MRF operators at risk of prosecution over 'dodgy' permits
MRF operators are falling foul of the law because they are not staying abreast of planning and permitting regulations, a legal expert has warned.
While MRF operators tend to be "good at the basics" of compliance, some are unaware that their sites are operating beyond the allowances of their environmental permits and planning permissions, according to 360 Environmental director Phil Conran.
Speaking at a MRF seminar in Birmingham yesterday (25 May), hosted by Axion Consulting, Conran singled out older sites as being particularly at fault.
He said problems usually arose when sites such as transfer stations gradually expanded to take in more tonnage and materials, and evolved into MRFs as a result.
"The problem often is that because [these sites] had the right planning permission when they started out, it's assumed that this still must be correct," Conran told delegates.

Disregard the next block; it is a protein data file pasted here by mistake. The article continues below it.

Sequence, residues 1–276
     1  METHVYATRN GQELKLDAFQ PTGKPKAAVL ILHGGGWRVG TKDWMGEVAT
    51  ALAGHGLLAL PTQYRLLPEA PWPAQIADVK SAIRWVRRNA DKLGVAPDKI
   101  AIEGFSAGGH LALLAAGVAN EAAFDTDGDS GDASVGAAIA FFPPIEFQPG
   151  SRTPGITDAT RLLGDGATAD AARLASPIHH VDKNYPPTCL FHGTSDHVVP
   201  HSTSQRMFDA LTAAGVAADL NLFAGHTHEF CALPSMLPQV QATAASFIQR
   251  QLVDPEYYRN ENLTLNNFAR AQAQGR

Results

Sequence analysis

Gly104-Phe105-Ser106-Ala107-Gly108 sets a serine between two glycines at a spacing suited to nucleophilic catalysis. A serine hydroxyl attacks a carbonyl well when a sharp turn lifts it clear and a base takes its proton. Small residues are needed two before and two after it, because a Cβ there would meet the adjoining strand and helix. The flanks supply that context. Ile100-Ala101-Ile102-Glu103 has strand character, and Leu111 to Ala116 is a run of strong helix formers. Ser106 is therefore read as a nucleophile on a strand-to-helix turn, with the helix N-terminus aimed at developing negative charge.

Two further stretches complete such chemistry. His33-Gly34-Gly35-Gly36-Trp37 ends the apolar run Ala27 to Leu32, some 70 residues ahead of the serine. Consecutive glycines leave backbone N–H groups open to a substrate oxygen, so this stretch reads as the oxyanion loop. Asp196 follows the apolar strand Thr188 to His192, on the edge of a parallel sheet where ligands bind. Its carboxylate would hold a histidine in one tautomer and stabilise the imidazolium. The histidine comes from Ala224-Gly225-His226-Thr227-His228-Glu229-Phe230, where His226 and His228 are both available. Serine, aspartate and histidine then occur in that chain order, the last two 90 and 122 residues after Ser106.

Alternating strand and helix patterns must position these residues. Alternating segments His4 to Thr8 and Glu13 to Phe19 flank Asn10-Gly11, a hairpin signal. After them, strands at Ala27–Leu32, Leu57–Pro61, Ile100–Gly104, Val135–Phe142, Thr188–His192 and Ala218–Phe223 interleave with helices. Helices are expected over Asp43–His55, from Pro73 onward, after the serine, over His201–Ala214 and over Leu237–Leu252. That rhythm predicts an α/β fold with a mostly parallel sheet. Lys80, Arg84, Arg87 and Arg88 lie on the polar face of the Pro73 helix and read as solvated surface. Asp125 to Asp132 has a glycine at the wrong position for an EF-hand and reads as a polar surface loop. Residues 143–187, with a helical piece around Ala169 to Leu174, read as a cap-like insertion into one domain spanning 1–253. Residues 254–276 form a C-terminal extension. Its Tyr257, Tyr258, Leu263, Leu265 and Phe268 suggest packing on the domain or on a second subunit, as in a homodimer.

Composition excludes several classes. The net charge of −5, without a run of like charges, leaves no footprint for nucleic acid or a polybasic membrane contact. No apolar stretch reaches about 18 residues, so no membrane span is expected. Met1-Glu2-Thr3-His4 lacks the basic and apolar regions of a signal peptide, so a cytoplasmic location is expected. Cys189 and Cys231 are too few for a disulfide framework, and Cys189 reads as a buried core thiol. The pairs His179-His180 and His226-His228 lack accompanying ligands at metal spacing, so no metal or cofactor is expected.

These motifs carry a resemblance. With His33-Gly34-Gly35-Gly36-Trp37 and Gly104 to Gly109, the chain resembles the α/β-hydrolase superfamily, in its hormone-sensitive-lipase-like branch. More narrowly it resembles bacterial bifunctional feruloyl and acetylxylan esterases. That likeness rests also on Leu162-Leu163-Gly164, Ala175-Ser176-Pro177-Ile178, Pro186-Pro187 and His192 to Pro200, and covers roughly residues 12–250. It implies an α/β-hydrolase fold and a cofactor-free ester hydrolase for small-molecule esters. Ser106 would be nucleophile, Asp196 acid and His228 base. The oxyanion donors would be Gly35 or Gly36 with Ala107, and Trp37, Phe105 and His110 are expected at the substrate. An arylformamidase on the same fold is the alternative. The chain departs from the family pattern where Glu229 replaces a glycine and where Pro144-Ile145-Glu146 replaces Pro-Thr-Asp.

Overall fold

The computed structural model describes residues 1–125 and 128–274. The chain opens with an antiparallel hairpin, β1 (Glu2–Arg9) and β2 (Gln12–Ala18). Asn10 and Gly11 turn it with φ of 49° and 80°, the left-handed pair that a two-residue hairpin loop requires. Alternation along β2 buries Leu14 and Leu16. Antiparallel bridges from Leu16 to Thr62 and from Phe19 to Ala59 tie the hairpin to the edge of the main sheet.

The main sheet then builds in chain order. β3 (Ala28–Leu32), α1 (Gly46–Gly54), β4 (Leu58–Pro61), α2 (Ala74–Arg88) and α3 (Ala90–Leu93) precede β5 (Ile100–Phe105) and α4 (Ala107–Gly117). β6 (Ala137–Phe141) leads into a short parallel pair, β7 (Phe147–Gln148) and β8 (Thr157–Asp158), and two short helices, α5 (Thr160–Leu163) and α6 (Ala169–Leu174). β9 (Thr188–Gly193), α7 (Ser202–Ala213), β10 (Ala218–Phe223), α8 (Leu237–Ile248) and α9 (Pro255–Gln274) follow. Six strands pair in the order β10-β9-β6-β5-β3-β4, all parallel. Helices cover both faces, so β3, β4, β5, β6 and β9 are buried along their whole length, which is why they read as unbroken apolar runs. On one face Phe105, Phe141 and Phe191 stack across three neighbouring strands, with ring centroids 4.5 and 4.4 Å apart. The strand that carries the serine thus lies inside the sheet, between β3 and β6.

If the type of sorting operation changes on-site, for example evolving to process mixed waste or recyclables from single stream materials, operators should check under their permits that different types of equipment, such as automated machinery, can be installed.
"Does your council require the site to be changed to a specific 'waste use' category? Some MRFs don't realise they can't take in mixed waste and sort them under an exemption," Conran said.
The problem of whether sites require new permits or permissions can be exacerbated by differing interpretations of the regulations between local authorities and enforcement agencies, he added.